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ABOUT THE AUTHOR: Amy Uyematsu was raised in Southern California by parents who had been interned in American camps during World War II. She earned her undergraduate degree in mathematics at the University of California at Los Angeles. She is the author of several poetry collections, including Stone Bow Prayer (2005), Nights of Fire, Nights of Rain (1997), and 30 Miles from J-Town (1992), which won the Nicholas Roerich Poetry Prize. Uyematsu co-edited the seminal anthology Roots: An Asian American Reader (1971), and her work has been included in the anthologies Bear Flag Republic: Prose Poems and Poetics from California (2008), The Misread City: New Literary Los Angeles (2003), and Sister Stew: Fiction and Poetry by Women (1991). She has also collaborated with multimedia artists Joan Watanabe and Roger Shimomura. Uyematsu taught math at Venice High School for more than 25 years before retiring. She lives in Culver City, California.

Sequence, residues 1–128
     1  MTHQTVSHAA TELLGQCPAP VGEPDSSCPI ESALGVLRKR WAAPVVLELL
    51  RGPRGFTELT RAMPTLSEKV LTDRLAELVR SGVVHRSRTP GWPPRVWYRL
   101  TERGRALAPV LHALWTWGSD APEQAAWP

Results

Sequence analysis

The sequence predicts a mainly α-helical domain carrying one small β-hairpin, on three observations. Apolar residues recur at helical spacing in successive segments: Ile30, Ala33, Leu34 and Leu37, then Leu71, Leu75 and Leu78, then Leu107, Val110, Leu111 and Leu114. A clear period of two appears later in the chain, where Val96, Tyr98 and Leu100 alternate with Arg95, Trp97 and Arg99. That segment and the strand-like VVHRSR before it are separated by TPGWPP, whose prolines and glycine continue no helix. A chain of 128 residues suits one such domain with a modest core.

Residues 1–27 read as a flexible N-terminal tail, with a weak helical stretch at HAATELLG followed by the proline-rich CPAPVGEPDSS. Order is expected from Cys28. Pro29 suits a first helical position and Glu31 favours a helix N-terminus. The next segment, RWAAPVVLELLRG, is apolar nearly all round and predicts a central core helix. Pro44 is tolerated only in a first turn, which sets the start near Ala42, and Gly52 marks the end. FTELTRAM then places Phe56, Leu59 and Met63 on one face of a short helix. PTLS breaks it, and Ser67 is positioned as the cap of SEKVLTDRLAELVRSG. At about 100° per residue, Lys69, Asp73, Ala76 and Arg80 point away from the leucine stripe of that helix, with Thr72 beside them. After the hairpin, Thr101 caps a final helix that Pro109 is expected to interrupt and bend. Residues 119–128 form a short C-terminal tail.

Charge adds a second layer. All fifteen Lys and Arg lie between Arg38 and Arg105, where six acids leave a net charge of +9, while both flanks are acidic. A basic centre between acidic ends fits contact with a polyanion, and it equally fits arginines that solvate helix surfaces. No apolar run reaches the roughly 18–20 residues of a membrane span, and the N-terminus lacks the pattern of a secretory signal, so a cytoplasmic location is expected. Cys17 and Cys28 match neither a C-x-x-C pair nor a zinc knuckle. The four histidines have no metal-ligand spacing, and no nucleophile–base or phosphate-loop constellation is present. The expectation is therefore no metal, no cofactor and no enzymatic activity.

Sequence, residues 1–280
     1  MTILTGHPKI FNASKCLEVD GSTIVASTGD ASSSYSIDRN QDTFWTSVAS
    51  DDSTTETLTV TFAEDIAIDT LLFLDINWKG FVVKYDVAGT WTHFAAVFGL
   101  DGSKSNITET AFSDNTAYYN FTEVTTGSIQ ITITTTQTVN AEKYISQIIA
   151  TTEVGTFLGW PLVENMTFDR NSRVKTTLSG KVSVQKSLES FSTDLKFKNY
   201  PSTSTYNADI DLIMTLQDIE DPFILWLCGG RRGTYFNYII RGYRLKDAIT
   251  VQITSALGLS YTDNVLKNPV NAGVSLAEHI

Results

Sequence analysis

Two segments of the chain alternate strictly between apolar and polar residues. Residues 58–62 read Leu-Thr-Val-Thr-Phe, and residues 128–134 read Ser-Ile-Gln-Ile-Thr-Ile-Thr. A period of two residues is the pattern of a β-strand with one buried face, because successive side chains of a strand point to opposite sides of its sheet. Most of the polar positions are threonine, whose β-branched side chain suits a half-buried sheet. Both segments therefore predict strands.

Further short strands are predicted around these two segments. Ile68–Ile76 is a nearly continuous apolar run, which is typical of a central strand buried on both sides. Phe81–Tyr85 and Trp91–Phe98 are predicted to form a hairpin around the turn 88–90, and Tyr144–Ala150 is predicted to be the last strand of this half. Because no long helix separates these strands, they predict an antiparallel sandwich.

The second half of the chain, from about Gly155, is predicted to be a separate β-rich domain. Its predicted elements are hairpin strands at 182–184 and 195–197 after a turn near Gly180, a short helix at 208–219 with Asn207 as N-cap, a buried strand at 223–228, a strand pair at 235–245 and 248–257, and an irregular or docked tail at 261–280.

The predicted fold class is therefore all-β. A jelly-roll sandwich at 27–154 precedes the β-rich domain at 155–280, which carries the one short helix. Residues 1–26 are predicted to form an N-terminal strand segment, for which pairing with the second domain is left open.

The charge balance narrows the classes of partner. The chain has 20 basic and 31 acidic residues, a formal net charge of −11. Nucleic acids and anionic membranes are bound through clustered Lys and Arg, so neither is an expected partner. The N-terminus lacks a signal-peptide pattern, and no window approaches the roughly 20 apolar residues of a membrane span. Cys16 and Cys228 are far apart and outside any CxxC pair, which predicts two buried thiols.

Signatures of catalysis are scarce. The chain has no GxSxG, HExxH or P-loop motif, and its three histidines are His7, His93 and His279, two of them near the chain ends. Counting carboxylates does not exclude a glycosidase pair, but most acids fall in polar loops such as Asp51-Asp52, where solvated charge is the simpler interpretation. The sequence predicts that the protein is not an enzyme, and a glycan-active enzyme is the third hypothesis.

Author photo by Raul Contreras

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“Hundreds of butterflies flitted in and out of sight like short-lived punctuation marks in a stream of consciousness without beginning or end.” HARUKI MURAKAMIIQ84

Photo: Bazich, ALL RIGHTS RESERVED

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THE WRITING LIFE
quotes by Haruki Murakami

“As a novelist, you could say that I am dreaming while I am awake, and every day I can continue with yesterday’s dream. Because it is a dream, there are so many contradictions and I have to adjust them to make the story work. But, in principle, the original dream does not change.”

“I didn’t want to be a writer, but I became one. And now I have many readers, in many countries. I think that’s a miracle. So I think I have to be humble regarding this ability. I’m proud of it and I enjoy it, and it is strange to say it this way, but I respect it.”